Pinnacle Presbyterian Church

Echoes Blog


Psalm 13

How long, O Lord? Will you forget me forever? How long will you hide your face from me? How long must I bear pain in my soul, and have sorrow in my heart all day long? How long shall my enemy be exalted over me? Consider and answer me, O Lord my God! Give light to my eyes, or I will sleep the sleep of death, and my enemy will say, “I have prevailed”; my foes will rejoice because I am shaken. But I trusted in your steadfast love; my heart shall rejoice in your salvation. I will sing to the Lord, because he has dealt bountifully with me.

Last week I celebrated my 40th birthday, but it was a bittersweet celebration. See, as I was celebrating my birthday, I was mourning the death of two friends. The passing of my friends could not have been more different. One, a 20-year-old former student whose life was cut short due to addiction. The second, a former co-worker who retired just over a year ago. She lived a healthy life and only ten months ago was given a clean bill of health and yet just months later she was diagnosed with an aggressive form of cancer that took her life. 

On the night of my 40th birthday, after trick-or-treating, I tucked my kids in bed, and as I did, I couldn’t help but think about how fragile life is. As I snuggled with my children I thought about the words of Job, “the Lord gave, and the Lord has taken away; blessed be the name of the Lord” (Job 1:21). Despite what has gone on during the day, every night when I tuck my kids into bed I look at them, and I thank God for the gift that they are in my life. I know that they do not belong to me, but to God, but it is my job to protect, love, and guide them as long as they are under my care.

In light of all of this on Sunday night at youth group, we were talking about doubt. The question we discussed was “Is it okay to doubt God?” Some students said “yes,” and some said “no” so a discussion ensued. In our discussion, we talked about the difference between questioning God and doubting God, and are they the same?

As I have been pondering the difference, I realized that despite the recent events, my faith in God hasn’t changed. God is still my hope and my strength. However, I don’t have to like events that happen in life. It is okay to ask God why? Why does a 20-year-old have to die? Why does someone who just recently retired and was planning on enjoying retirement have to die? Why do 26 people in Texas who were attending church have to be killed? Why? 

If you are one that believes that God is the cause of these events and others like them, I can understand how you might doubt the existence of God. However, pain and suffering was never God’s plan. The plan was that everything was “good” but then sin and suffering entered the picture. During our discussion, I was reminded that even in the moment that Adam and Eve ate the fruit from the middle of the garden and they realized they were naked, God loved them so much that he provided clothing for them. After Cain kills his brother, God puts a mark of protection on him so that no one will harm him. Even in our worst moments, God’s love is there.  We look and see how God, despite his actions, protected Cain, but we are left with the question, what about his brother Abel, whom he killed? Where was God’s protection for him?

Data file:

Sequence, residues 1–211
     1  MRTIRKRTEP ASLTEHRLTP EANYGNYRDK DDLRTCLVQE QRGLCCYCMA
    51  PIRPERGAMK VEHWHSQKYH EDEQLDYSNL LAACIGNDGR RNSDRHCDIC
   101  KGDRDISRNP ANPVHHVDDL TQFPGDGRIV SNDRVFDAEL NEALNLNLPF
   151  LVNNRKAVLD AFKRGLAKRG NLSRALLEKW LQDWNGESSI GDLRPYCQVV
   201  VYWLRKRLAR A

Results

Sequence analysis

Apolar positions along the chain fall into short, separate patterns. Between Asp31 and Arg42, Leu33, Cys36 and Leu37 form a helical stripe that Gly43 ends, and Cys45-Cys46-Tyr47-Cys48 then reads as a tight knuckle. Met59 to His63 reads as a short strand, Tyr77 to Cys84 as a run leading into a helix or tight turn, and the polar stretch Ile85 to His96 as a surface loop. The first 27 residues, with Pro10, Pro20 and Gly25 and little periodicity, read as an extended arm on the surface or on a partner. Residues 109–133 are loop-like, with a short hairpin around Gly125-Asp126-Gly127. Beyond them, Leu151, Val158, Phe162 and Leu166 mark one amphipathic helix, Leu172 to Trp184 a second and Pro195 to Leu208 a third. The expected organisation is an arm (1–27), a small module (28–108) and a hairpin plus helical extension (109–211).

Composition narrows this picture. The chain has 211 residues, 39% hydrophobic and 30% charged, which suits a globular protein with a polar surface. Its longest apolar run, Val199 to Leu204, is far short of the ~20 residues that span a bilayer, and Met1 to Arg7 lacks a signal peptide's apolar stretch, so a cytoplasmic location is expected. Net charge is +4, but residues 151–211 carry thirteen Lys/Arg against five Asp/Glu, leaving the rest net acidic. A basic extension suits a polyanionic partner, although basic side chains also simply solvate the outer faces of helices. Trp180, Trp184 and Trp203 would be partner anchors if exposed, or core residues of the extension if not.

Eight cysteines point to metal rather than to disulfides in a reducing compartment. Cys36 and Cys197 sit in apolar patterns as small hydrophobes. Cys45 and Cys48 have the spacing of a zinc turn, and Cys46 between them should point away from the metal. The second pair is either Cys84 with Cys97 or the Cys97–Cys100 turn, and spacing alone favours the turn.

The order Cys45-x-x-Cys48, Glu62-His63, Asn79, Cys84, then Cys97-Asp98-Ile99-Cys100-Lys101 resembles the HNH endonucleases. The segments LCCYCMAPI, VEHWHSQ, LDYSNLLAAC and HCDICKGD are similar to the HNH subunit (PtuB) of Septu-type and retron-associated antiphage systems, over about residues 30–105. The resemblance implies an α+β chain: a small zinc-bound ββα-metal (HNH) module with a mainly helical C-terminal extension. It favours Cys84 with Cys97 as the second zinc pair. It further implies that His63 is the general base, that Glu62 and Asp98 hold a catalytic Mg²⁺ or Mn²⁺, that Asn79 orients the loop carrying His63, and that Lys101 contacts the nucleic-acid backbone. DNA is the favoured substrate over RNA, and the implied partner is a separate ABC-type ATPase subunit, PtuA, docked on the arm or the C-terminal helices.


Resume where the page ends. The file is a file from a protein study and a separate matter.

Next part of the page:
Bad things happen in the world, and it seems like there is more and more bad things happening each day, yet that was not God’s plan. God did not want pain and suffering in the world, yet it has become part of our daily lives. Of the 150 Psalms in the Bible, 65 of them are considered Psalms of lament. One third are Psalms that cry out to God from times of grief and crises, “why?”  Despite not ever having a response from God, most end in a similar fashion to Psalm 13, “But I trusted in your steadfast love; my heart shall rejoice in your salvation. I will sing to the Lord, because he has dealt bountifully with me.” I hope.

Each year as I turn another year older, I am reminded of my own mortality. I am reminded that each day is precious, every moment is fading, and every breath could be my last. In those moments I am reminded of the important things in life, the things that truly matter. It is funny that the things we often put so much time and effort into like work, school, and sports, don't mean as much as loving and being loved. As I get older, I realize more each day that the love I share and the love I experience can only be done in the light of my relationship with God through Jesus Christ. 

Life is fragile.  Life is a short.  Life is a gift given to us by God.  It is too short to live with hate and fear, so I choose to love. I choose to live life in the hope that is in Jesus Christ, who told us to, “love the Lord your God with all your heart, and with all your soul, and with all your mind. And to love your neighbor as yourself.” 

It is ok to be angry and to be sad. It is ok to ask God, “Why?” But it is also important to remember that our hope comes from the Lord, who came to the earth out of love, and died so that we might live. Let us not waste another moment in fear or hate, but live and love, so that when our time on earth comes to an end, people might know God, through the love of Christ that we lived out in our lives.